In longer-term studies of VNS, the antidepressant effect generally was sustained overtime

Clinical Point

Low-frequency rTMS applied to the right DLPFC was associated with a remission rate of approximately 34.6%

Clinical Point

There is no consensus on the optimal anatomic locations for the electrode implantation in DBS

Clinical Point

ECT can be used to treat acutely worsening depression, and VNS for maintaining the antidepressant effect

Bottom Line

When considering neuromodulator treatments for patients with TRD, current evidence suggests electroconvulsive therapy and repetitive transcranial magnetic stimulation are preferable options. Vagus nerve stimulation and deep brain stimulation have also shown promise.

Clinical Point

Among the invasive options, VNS has more evidence and is FDA-approved for TRD


Dr. Gajwani is a speaker for Merck and Sunovion. Dr. Soares receives grant/research support from Alkermes, Allergan, Bristol-Myers Squibb, Johnson & Johnson, and Merck; and serves as a consultant to Abbott, Astellas, Daiichi, and Pfizer. Drs. Sharma, Ang-Rabanes, and Selek report no financial relationships with any companies whose products are mentioned in this article or with manufacturers of competing products.

Manu Suresh Sharma, MD

PGY-4 Resident

Michael Ang-Rabanes, MD

Assistant Professor

Salih Selek, MD

Assistant Professor

Prashant Gajwani, MD

Associate Professor

JairC. Soares, MD, PhD

Professor and Chair

Department of Psychiatry

University of Texas Health Science Center at Houston

Houston, Texas


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Related Resource

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Drug Brand Names

Lithium * Eskalith, Lithobid Remifentanil * Ultiva
Table 1
Neuromodulatory treatments: A comparison

Treatment           Advantages                Disadvantages

Electroconvulsive   Oldest established        Cognitive deficits;
therapy             treatment for             requires anesthesia
                    High remission rates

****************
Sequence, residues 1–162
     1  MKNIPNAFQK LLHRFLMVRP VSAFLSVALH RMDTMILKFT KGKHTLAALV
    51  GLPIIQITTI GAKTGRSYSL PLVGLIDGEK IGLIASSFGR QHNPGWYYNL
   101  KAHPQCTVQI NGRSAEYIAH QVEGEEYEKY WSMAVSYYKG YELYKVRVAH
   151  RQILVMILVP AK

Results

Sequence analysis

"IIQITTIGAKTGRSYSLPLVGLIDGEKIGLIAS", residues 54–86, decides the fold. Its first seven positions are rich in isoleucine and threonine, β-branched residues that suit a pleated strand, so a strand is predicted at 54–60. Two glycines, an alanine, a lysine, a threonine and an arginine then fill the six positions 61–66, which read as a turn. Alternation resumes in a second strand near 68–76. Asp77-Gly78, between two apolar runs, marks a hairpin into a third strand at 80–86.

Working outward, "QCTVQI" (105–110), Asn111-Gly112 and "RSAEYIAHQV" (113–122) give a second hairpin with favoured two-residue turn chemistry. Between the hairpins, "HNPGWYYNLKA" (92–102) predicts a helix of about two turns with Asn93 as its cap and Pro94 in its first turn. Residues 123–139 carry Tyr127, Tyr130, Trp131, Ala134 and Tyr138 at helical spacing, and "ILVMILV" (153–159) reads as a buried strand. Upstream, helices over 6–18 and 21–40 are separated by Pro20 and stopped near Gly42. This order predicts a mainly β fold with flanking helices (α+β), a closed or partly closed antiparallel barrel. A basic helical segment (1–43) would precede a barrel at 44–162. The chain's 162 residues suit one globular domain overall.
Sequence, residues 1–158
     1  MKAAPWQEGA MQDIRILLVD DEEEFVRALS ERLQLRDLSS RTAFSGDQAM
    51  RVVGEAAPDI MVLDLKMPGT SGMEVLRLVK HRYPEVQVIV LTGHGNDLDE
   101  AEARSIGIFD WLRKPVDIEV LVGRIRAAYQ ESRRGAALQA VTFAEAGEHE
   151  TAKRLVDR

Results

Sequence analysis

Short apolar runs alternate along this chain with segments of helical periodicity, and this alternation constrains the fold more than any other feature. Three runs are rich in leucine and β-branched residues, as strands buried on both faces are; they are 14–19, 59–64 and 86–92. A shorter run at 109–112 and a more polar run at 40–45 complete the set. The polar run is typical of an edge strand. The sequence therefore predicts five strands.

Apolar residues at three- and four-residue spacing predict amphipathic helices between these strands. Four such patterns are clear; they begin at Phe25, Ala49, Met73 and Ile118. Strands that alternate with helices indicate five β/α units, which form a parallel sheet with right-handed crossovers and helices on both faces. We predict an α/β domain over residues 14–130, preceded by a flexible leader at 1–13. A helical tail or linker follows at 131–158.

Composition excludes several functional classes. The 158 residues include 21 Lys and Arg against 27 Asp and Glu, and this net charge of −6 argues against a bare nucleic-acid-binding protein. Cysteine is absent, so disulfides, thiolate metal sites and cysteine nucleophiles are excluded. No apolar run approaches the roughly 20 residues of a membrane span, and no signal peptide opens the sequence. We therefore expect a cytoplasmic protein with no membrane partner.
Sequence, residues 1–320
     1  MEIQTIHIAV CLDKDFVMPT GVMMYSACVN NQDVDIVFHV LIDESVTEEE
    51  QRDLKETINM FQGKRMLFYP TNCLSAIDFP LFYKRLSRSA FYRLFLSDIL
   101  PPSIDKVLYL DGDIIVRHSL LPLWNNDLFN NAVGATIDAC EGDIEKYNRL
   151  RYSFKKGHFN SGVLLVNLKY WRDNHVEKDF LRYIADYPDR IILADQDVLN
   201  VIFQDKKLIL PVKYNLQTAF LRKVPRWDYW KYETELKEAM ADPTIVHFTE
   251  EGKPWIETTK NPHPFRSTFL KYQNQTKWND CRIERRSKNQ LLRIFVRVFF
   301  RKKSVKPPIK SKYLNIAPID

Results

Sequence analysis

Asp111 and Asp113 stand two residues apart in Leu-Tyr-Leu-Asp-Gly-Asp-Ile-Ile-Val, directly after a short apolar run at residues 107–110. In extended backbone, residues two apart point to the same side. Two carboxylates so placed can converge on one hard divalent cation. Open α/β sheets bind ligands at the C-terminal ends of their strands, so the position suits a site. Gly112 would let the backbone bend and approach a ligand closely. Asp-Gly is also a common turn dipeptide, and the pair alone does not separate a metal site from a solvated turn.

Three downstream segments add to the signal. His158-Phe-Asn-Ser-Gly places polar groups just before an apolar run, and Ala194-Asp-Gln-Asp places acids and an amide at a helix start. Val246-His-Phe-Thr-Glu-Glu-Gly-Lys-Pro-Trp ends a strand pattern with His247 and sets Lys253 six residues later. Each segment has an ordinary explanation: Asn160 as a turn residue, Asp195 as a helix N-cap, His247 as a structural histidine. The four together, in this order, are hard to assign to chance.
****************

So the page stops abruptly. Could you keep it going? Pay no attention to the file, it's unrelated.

Vagus nerve         Improves sleep            Invasive; requires
stimulation         patterns and executive    surgery. Effectiveness
                    functioning. No adverse   based on observational
                    effects on cognitive      studies; poor evidence
                    functioning               from RCTs

Repetitive          Noninvasive.              Low remission rates.
transcranial        Good evidence of          Uncertainty about
magnetic            physiologic effects       long-term maintenance
stimulation         on imaging studies        of effects. Possibility
                                              of inducing seizures
                                              with high-frequency

Deep brain          Surgery is reversible     Invasive; requires
stimulation         (non-ablative).           surgery. No consensus
                    Stimulation can easily    about the site for
                    be adjusted, stopped,     electrode implantation
                    or restarted. Shows
                    promise in early

RCTs: randomized controlled trials;
rTMS: repetitive transcranial magnetic stimulation

Table 2
Factors that can complicate treatment of depression

Medical conditions       Psychiatric conditions

HIV/AIDS                 Inappropriate dosages of antidepressants

Cardiovascular disease   Noncompliance

Stroke                   Comorbid personality disorder

Cancer                   Comorbid substance use disorders

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Author:Sharma, Manu Suresh; Ang-Rabanes, Michael; Selek, Salih; Gajwani, Prashant; Soares, Jair C.
Publication:Current Psychiatry
Article Type:Report
Date:Mar 1, 2018